Schedules: Find the right balance in your child’s week
We all want our children to participate in activities that enhance their development. Yet kids need ample time to just relax, play with siblings and friends, learn how to pursue activities independently, and, as they grow older complete chores at home. Over-scheduled children are often tired and irritable, and, as a form of rebellion, they stop applying themselves to their activities. Children who are under-scheduled may be bored and could miss out on opportunities to find their passions. How should parents decide on extracurricular plans for their children? No magic formula can determine a child’s optimum schedule, but you can come up with the best combination of outside activities for each child by looking at several factors.
Your Child’s Personality
Does your child enjoy unstructured time, or does he become bored and restless when he doesn’t have a plan? Some children feel stressed by always having to be somewhere at a particular time and relish the opportunity to have a free afternoon. Others like a very structured day and thrive when they have scheduled activities. Some kids love to be challenged; others are stressed when the demands are high.
Time Commitment and Intensity Required for Each Activity
Look at the mix of your child’s activities in terms of the level of commitment and performance expectations. For example, my daughter loved ballet classes at the “Mommy and Me” and “Pre-Ballet” levels. But once the classes became more serious (including a requirement that she take a minimum number of hours per week), she became less enthusiastic. She was willing to spend many hours each week on other activities she enjoyed, but not on ballet. We were able to find a more appropriate recreational dance program for her, and she was much happier.
Make sure your child isn’t overloaded with intense extracurricular and be sure that the activities requiring a large time commitment are the ones he enjoys most.
Your Child’s Interests
Does your child like group activities? Playing sports? Or does he prefer to spend hours drawing or reading? Know what your child is passionate about and schedule accordingly; make sure his schedule reflects his interests, not yours.
Take into account any demands on your child’s time that are nonnegotiable. Does he have religious school, a long commute to and from school, or a lot of homework? Figure these responsibilities into your equation as structured time.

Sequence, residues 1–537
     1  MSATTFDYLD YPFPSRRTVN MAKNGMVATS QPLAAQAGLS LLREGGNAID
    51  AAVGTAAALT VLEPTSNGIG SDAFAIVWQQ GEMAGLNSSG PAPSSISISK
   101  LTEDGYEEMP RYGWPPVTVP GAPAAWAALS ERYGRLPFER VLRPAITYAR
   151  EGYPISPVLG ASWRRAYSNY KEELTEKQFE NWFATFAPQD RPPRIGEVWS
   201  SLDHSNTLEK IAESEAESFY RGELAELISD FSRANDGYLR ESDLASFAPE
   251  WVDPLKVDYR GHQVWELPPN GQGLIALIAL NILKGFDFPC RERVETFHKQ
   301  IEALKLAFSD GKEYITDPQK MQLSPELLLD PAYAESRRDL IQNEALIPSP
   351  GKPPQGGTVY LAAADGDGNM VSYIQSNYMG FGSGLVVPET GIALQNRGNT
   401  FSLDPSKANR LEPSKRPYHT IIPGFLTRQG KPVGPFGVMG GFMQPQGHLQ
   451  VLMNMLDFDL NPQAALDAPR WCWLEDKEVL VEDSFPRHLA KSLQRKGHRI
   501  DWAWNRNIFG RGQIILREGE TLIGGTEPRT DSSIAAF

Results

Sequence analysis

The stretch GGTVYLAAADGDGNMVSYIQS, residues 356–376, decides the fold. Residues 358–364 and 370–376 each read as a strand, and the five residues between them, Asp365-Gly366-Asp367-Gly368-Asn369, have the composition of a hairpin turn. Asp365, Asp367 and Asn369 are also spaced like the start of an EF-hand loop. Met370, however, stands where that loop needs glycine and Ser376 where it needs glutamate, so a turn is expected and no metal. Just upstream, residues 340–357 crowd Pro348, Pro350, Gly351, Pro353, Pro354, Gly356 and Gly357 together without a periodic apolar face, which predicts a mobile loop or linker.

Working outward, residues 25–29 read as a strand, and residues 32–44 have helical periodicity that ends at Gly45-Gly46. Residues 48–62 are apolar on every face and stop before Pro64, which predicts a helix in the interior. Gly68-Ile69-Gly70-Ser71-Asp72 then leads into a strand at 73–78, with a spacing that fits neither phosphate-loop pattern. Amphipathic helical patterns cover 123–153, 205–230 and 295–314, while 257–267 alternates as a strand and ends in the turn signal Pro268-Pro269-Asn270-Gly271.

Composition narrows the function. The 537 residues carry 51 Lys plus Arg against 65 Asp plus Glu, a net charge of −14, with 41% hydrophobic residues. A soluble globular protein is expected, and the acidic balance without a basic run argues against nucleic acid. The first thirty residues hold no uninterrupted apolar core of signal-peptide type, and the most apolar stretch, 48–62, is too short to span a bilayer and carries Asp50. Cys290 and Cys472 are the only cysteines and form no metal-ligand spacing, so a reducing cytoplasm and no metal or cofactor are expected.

Keep in mind that your children don’t have to stick with the first activities they try. Offer various activities when they are young and see what they enjoy most. Possibilities include programs or lessons in art, sports (team and individual), acting, chess, language, photography, computers, and music. Check out offerings at museums, community centers, libraries, and cultural institutions.
Reevaluate your child’s activities at the start of each school year or semester. When your child wants to take on a new activity, or if you decide that he has too many, ask him the following question about each activity in his schedule: “Is this something you look forward to and would really miss if you didn’t do it?” In this way, you can rank each program and decide what might be cut. Pay close attention to your child’s demeanor when you have this discussion: the choices offered and made during his young years may ultimately determine his passions.
QUESTIONS FOR REFLECTION
- What percentage of my child’s non-school time is spent in structured activities and what percentage is free time?
- Does my child have enough time to do what is required (schoolwork, religious school, etc.) and be able to just relax?
- Does my child have at least one extracurricular activity that will expose him to new pursuits?
- Does my child have one or two scheduled activities he really enjoys?
- Is my child over-tired, stressed, or not getting enough sleep due to over-programming?